Sarkozy blames Mandelson for Irish 'No' vote in EU summit outburst
Nicolas Sarkozy has blamed the Irish voting 'no' in the EU treaty vote on Peter Mandelson, the current British Commissioner of the European Union for Trade. Sarkozy also blamed the world's starving children on him.
These accusastions actually made Gordon Brown support Mr. Mandelson, something that has not happened before between these two men.
EU leaders stayed up late arguing over how much pressure to put on Dublin to vote again, amid fears that the constitutional project could collapse.
Asked who should take responsibility for the outpouring of public hostility to the EU in Ireland, Mr Sarkozy said just one word: 'Mandelson'.
It was meant as a joke, but the French president has clashed repeatedly with the Labour spindoctor turned EU trade commissioner who is a figure of hate in France and Ireland for his tough talk against food subsidies during world trade negotiations.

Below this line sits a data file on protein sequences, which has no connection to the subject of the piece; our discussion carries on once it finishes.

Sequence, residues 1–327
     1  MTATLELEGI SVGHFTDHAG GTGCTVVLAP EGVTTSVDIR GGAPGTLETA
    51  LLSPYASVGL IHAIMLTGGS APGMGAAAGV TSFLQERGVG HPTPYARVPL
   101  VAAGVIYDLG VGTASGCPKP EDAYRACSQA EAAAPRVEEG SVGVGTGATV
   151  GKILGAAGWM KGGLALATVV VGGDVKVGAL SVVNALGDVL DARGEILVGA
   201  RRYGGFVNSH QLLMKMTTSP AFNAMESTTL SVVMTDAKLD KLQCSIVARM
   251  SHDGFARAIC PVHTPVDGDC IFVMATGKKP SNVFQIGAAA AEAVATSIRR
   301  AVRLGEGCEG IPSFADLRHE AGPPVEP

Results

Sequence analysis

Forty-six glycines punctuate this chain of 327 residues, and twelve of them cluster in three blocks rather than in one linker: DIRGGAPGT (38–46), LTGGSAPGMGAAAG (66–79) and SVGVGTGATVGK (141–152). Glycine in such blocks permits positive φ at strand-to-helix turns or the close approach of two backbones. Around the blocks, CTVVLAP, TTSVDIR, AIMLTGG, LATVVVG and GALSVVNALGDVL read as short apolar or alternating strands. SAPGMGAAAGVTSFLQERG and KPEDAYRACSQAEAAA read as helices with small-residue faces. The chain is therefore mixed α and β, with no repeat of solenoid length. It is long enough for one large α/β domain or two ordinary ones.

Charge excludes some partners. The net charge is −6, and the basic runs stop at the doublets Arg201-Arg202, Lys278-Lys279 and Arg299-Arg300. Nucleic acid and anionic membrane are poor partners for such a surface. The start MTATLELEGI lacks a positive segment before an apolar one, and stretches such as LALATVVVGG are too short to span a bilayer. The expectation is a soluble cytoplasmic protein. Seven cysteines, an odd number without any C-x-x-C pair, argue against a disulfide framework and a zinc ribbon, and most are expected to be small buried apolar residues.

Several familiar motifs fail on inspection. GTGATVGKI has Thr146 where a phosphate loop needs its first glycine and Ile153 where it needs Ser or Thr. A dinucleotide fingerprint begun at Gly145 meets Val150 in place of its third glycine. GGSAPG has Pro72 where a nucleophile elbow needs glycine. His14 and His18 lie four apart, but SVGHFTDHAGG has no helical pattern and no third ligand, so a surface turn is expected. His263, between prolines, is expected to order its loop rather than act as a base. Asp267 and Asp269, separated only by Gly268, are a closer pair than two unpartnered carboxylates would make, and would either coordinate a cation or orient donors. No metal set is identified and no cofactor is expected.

Mr Sarkozy said issues which fuelled Irish concerns included euthanasia, abortion and the world trade talks - adding bluntly: 'A child dies of starvation every 30 seconds and the Commission wanted to reduce European agriculture production by 21 per cent during World Trade Organisation talks.
'This was really counterproductive.'
The EU is still reeling from last week's referendum, when the Irish voted by 54pc against the Lisbon Treaty, which was agreed last year to replace the proposed constitution.
Without the approval of all 27 member states it cannot go ahead next year as planned, prompting Brussels and EU superpowers France and Germany to try to force Ireland to think again.
Warm words in public about giving Ireland 'time and space' to consider its position could not disguise bitterness behind the scenes after it emerged that Mr Sarkozy had branded the Irish 'bloody fools'.
The French president, who takes over the EU presidency next month, threatened to prevent new countries - notably Croatia - from joining if Ireland refuses to come on board.
Mr Brown said Ireland should not be 'bullied' into a second referendum but has been reluctant to declare the Lisbon Treaty dead.